Downplay the nakedness, you know? (laughs) It's kind of a dichotomy of. And so I tried to have fun with it. (audience laughing) But one thing that we did do out in the field was again editorially reasons, there is again the lady who is the. And this is very realtime. So this is done on the side of a barn in a farm in Spain. This again is a Lastolite blackout, a six-by-six blackout. I just leaned it against the wall, and I put the lady against the wall and Neanderthal. 70 to 200-millimeter lens, identical light sources. These are eight-in-one umbrellas popped onto lampeds here with Elinchrom packs. And so this is the camera work. I want to show you this just because you have to fire up your imagination, and that's what I came out with. That's done in the camera, okay? That's a double exposure done in broad daylight, not a studio session, not a blackout, nothing like this. No controlled environment. That's where we shot it right there. So I'm able to do one exposure with flash, double exposure. Shot the one flash down, turn the other flash on, fire again, come up with that. And I thought it would be kind of a cool cover for the Geographic. They did not share my enthusiasm. (Lind laughs) They did run this as a cover, and the cover that they ran was similar to this. They cropped into Wilma and just ran kind of a piece of her face as the cover. And you can see the marvelous craftsmanship here. All of that going into this very difficult time. It was tough being a Neanderthal. (laughs) We kept that take apart from the general run of our stock photography. Lind was getting fielding phone calls because oddly enough, certain stories. You think that maybe the stories, ain't got to be anybody care about it. Well, science has a very powerful resonance, okay? Something like Neanderthal is kind of a hot topic there for a while and still remains. Every once in a while, we get a phone call for her. I shot a group of gold coins for Businessweek magazine way back in the day, literally in the early '80s. That's probably been my most lucrative picture. Just gold coins on black velvet--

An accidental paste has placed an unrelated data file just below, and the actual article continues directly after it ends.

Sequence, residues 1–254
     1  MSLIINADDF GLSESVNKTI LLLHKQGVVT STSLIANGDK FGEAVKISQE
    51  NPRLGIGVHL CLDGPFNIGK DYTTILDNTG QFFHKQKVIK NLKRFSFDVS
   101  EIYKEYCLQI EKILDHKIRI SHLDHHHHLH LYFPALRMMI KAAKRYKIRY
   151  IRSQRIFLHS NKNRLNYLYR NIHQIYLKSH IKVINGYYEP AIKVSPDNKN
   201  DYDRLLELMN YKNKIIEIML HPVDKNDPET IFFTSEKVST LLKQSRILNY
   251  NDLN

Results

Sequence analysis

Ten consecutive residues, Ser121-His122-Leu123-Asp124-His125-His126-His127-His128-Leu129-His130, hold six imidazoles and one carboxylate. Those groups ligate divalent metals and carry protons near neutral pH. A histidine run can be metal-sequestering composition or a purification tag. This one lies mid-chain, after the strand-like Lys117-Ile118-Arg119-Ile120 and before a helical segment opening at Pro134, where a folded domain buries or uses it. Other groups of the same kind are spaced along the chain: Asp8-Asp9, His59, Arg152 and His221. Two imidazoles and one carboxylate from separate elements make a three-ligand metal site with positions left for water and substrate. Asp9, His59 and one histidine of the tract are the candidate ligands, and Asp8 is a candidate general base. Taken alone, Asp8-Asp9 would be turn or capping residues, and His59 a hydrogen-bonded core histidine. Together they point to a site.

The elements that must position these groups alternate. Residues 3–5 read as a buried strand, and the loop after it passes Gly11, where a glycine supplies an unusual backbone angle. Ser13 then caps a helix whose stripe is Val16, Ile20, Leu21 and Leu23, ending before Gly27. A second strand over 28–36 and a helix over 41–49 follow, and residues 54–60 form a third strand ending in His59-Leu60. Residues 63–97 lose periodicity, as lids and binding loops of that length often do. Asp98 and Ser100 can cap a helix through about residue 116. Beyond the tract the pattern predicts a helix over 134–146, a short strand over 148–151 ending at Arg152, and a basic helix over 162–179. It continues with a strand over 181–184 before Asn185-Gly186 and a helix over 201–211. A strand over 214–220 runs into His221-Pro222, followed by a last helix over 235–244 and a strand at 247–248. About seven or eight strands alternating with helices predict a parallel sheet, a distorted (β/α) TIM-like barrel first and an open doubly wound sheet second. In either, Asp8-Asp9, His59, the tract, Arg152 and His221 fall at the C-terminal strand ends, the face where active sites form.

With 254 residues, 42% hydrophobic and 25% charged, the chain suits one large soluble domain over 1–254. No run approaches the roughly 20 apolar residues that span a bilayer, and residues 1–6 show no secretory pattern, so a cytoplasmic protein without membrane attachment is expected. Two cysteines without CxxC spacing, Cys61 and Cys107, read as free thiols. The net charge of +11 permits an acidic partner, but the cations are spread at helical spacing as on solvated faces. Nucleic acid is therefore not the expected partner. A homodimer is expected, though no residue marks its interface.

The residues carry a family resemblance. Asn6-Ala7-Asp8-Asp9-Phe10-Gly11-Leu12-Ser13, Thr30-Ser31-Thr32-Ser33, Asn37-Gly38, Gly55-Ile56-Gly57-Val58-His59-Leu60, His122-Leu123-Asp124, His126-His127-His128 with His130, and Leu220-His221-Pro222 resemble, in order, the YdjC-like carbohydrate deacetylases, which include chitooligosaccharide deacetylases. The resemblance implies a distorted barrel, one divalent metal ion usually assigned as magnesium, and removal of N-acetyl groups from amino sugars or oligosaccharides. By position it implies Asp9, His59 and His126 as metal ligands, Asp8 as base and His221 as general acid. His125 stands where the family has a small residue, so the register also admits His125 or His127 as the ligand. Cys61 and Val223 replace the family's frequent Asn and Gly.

Maybe the hand or something, right? A handful of gold coins or something.
I think it was, yeah.
And not particularly well done. (Lind laughs) Really, it's kind of a lousy photograph, but I put it into my stockpiles, and it's been a hit. Currency, wealth--
The wheels of Parmesan cheese.
Wheels of Parmesan cheese. I shot these wheels of cheese in Italy for whatever reason.
All that sort of stuff. Very, very popular photographs. So you never know where lightning is gonna strike, and your archive will come into play to get you through a tough month. Lind and I referenced the fact that we have had some difficult times, and one of those things that assist you, get you through those difficult times are the payments that you can get from hanging on to your archive. Clients know this. And so now the battle on. Lind interfaces with clients and you oftentimes what, you get a breathless young art buyer or someone on the, "Oh yeah, I want a copyright, "all rights in perpetuity." What's your response? (laughs) I know what mine would be. That's why Lind answers the phone. (both laughing)
Yeah. As I say, I mean specific to break out the title, the art buyers and the art directors and art producers know the drill. It's the clients who hire themselves directly want to hire Joe who tend to be more clueless about all of the licensing. They just don't understand the language. They don't understand how it all works. And then I have to educate them, which I'm happy to do, but it's frustrating too 'cause its almost like try to learn more about what you want before you make that phone call to the photographer but they don't always know, and so that's my job to fill them in and explain what it's gonna be if you want Joe to do a shoot.
If I'm that person and I call you up and say, "We're interested in Joe shooting this thing "for a new pharmaceutical lifestyle thing, "and shoot is gonna be in Florida for three days. "We'd like you to bid on this. "And it's all rights in perpetuity "and transfer of copyright "and just get back to me." What do you say? What's the first thing you say?